Human distal lung maps and lineage hierarchies reveal a bipotent progenitor.

Journal Article (Journal Article)

Mapping the spatial distribution and molecular identity of constituent cells is essential for understanding tissue dynamics in health and disease. We lack a comprehensive map of human distal airways, including the terminal and respiratory bronchioles (TRBs), which are implicated in respiratory diseases1-4. Here, using spatial transcriptomics and single-cell profiling of microdissected distal airways, we identify molecularly distinct TRB cell types that have not-to our knowledge-been previously characterized. These include airway-associated LGR5+ fibroblasts and TRB-specific alveolar type-0 (AT0) cells and TRB secretory cells (TRB-SCs). Connectome maps and organoid-based co-cultures reveal that LGR5+ fibroblasts form a signalling hub in the airway niche. AT0 cells and TRB-SCs are conserved in primates and emerge dynamically during human lung development. Using a non-human primate model of lung injury, together with human organoids and tissue specimens, we show that alveolar type-2 cells in regenerating lungs transiently acquire an AT0 state from which they can differentiate into either alveolar type-1 cells or TRB-SCs. This differentiation programme is distinct from that identified in the mouse lung5-7. Our study also reveals mechanisms that drive the differentiation of the bipotent AT0 cell state into normal or pathological states. In sum, our findings revise human lung cell maps and lineage trajectories, and implicate an epithelial transitional state in primate lung regeneration and disease.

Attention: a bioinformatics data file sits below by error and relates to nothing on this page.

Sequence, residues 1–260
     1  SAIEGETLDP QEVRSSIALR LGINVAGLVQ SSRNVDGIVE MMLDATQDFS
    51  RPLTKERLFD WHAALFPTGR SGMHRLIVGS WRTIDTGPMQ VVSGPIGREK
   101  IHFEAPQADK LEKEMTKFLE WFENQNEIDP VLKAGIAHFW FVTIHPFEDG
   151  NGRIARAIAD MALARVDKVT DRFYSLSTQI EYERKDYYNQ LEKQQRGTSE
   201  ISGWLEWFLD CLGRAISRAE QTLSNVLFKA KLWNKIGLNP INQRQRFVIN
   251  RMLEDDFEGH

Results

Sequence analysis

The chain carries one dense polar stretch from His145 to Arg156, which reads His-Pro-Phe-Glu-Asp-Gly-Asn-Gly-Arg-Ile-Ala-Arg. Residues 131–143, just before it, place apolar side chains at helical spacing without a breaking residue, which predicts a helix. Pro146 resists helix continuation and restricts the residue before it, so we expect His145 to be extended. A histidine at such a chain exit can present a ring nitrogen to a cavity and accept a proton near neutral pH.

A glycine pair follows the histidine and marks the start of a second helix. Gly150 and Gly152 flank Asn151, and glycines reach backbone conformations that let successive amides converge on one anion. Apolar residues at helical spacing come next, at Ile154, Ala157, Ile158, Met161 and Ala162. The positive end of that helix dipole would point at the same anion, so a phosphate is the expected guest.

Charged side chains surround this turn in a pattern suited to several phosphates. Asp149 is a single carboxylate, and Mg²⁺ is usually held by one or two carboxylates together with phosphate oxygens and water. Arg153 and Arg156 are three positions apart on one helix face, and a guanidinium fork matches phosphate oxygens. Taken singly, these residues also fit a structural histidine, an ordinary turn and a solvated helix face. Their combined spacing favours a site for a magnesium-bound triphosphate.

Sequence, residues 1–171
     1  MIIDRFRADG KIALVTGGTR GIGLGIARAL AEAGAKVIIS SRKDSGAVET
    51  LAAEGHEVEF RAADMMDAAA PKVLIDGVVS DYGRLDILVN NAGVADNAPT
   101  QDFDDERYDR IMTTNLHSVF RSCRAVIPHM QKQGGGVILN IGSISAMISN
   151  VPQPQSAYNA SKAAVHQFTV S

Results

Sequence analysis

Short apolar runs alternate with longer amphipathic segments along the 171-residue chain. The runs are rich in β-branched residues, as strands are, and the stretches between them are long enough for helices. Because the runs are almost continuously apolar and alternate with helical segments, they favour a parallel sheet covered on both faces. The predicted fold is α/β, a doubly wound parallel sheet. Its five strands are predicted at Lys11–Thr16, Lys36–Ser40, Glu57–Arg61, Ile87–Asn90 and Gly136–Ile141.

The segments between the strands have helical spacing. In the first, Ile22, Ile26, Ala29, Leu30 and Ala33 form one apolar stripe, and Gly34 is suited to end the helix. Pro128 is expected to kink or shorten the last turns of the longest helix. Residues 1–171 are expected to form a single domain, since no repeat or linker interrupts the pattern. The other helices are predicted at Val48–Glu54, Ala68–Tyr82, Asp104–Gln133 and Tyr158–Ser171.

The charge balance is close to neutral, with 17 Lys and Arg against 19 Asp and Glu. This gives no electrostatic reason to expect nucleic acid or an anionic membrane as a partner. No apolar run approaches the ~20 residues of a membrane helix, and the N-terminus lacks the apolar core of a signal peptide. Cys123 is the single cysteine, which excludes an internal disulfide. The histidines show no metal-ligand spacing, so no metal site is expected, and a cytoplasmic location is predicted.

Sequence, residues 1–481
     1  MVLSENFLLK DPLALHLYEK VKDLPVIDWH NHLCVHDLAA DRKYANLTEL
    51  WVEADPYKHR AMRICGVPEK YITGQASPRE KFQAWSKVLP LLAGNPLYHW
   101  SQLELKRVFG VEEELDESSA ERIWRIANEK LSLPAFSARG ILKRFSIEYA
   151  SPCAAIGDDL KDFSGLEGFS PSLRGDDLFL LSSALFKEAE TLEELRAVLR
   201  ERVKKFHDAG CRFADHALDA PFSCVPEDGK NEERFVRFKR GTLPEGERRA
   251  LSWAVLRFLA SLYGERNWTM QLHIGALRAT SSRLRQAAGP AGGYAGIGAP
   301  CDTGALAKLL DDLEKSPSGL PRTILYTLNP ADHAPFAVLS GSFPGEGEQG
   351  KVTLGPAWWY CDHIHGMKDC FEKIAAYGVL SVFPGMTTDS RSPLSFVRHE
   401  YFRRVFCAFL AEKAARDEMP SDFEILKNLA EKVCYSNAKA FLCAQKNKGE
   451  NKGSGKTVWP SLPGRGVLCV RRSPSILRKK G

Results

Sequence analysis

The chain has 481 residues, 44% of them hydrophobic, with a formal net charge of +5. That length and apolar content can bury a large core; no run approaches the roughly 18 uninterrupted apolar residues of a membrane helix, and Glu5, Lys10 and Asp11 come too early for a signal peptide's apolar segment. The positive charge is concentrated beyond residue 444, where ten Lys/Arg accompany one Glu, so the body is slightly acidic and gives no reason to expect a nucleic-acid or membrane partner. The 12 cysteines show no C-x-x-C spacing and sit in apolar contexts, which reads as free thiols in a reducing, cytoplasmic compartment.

Full Text

Duke Authors

Cited Authors

  • Kadur Lakshminarasimha Murthy, P; Sontake, V; Tata, A; Kobayashi, Y; Macadlo, L; Okuda, K; Conchola, AS; Nakano, S; Gregory, S; Miller, LA; Spence, JR; Engelhardt, JF; Boucher, RC; Rock, JR; Randell, SH; Tata, PR

Published Date

  • April 2022

Published In

Volume / Issue

  • 604 / 7904

Start / End Page

  • 111 - 119

PubMed ID

  • 35355018

Pubmed Central ID

  • PMC9169066

Electronic International Standard Serial Number (EISSN)

  • 1476-4687

Digital Object Identifier (DOI)

  • 10.1038/s41586-022-04541-3


  • eng

Conference Location

  • England